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Can A Baby Overheat In A Snowsuit? Here's The Sweaty Science

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Babies in snowsuits are pretty much the cutest. They look like little Stay Puft Marshmallow men covered in snow. Also, can we just talk about the way they toddle in them? It's a wonder they stay upright if they're walking. If they can't walk? Just as cute. But, with all of those layers of neoprene and down and Gore-tex, it gets kind of steamy inside sometimes. Can a baby overheat in a snowsuit? How on earth would you know?

As it turns out, it's actually pretty easy for kids to overheat in snowsuits according to the American Academy of Pediatrics (AAP). Their rule of thumb for older babies and children is to dress them in as many layers as you're dressed in to stay warm, and then add one additional layer. Their core should remain warm, but their hands and feet should be a little cooler. With teeny ones, the rule still follows that their core should be slightly warmer than their extremities, but also that the layers you choose should not weigh them down too heavily or put them at risk for suffocation by being too loose. Snowsuits, while adorable, are only usually necessary when playing in the heavy, wet snow. Otherwise, it's just about keeping them in removable layers and warm enough to be comfortable while not making them sweat.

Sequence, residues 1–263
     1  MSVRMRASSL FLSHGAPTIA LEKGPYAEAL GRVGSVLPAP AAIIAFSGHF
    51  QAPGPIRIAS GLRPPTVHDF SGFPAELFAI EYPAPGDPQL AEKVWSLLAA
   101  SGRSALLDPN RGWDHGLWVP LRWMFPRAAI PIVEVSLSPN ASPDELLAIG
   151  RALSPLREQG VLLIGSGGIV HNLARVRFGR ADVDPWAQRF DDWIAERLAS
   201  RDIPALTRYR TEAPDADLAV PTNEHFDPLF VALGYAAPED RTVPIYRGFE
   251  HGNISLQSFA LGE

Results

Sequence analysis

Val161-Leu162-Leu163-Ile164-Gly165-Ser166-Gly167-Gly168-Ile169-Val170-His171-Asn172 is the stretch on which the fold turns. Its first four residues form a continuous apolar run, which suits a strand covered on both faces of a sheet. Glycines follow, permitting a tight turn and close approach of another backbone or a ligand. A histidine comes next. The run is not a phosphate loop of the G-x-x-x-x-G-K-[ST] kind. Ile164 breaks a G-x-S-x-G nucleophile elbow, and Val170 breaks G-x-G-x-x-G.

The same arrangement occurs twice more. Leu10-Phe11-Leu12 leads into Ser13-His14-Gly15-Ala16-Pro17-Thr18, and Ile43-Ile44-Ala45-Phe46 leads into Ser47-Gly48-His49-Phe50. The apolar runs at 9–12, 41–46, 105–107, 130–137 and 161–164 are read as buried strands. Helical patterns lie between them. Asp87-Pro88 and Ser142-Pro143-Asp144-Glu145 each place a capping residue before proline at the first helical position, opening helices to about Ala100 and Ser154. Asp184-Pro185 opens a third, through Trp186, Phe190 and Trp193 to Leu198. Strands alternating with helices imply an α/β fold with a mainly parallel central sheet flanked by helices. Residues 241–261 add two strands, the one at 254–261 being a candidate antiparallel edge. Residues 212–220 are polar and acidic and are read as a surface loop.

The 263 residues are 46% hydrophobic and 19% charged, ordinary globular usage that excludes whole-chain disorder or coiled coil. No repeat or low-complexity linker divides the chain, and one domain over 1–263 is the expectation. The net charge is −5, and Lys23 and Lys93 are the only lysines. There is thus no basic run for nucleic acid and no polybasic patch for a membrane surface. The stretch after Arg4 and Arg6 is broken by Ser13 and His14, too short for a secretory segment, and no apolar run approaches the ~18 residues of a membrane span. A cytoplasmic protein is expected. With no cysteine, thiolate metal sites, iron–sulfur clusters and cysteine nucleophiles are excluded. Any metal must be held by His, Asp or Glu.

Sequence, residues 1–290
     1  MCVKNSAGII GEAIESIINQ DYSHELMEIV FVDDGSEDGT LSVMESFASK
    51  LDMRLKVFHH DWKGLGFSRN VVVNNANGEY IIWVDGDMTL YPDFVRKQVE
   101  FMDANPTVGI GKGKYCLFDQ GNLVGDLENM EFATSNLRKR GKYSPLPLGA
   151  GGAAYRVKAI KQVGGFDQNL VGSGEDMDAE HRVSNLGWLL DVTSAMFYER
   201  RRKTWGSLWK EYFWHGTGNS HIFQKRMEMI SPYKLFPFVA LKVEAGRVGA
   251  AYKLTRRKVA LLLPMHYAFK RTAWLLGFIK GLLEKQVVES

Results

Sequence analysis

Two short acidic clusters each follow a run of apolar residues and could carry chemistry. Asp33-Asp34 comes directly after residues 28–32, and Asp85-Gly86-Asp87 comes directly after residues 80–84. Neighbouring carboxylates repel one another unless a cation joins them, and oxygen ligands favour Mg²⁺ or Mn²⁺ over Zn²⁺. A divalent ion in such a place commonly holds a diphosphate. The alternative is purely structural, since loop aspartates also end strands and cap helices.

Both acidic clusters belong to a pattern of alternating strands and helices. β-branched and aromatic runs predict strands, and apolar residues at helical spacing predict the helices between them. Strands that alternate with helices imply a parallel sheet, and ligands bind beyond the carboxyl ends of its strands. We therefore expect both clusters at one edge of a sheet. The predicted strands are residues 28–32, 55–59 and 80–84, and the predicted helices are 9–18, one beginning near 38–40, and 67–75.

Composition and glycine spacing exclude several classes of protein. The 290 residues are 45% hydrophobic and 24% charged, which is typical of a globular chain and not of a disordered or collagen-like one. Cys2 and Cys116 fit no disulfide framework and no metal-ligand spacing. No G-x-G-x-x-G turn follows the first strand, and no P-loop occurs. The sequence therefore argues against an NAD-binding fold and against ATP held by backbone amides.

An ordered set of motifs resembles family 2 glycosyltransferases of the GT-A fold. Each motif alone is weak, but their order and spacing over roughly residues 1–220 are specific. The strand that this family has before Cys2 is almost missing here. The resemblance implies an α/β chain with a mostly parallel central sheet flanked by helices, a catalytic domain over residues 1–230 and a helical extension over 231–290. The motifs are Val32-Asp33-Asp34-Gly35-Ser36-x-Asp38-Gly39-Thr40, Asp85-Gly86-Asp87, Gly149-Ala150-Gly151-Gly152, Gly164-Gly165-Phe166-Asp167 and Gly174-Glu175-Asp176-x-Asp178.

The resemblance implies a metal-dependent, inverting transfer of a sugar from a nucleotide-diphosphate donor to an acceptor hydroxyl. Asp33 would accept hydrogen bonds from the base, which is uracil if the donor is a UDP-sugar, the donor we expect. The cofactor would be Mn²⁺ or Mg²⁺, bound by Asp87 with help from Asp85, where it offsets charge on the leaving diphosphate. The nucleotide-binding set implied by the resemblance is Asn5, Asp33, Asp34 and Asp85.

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Strangely enough, overheating can lead to not just dehydration and the dangers that poses, but it can also lead to frostbite. I know, that sounds weird, but hear me out. When you get hot, or if your baby gets hot, they're going to sweat. Any mom who's ever had to peel a onesie off a sweaty or feverish baby knows how much those little humans can soak up an outfit. When that sweat cools down, it does so in a hurry. Water cools you down 25 times faster than air, according to NYU, but that's not all. It also gets trapped in the fabric of their socks and onesies and even their diapers, rushing all of that cold air to their vulnerable bits, putting them at risk for frostbite, according to Dr. Spock's Baby and Child Care.

Having suffered first-degree frostbite more than I care to admit, I will tell you it's a miserable experience. It stings like you can't possibly imagine, and when the feeling comes back in full? It's like having your fingers tattooed. By a shark.

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Can a baby overheat in a snowsuit, even if they're playing in the snow? Barbara Ray, a pediatric nurse in Butte, Montana tells Romper, "We actually see it quite a bit, at least three or four cases each year. While it's normally no big deal, it can be dangerous. You have to be vigilant checking on your baby's fingers and toes and core. Make sure they're not sweaty. Check their brow and neck as well." She says that if your kids are older and can communicate with you, ask them frequently how their hands and toes feel. If their toes get sweaty or go numb, that's the first sign things are starting to go south. "It's important to keep feet and hands warm and dry, but not sweating."

While you may not see the winters Montana gets in your area, the advice remains the same. Keep an eye out for sweaty babies, and don't shove every winter accessory over on them if you're just in a jacket and jeans. Remember: dress them how you would dress yourself, and then add an extra layer or two depending on their age. As long as their chest and tummy are warm but not sweating, and their extremities are cooler, you're good to go.

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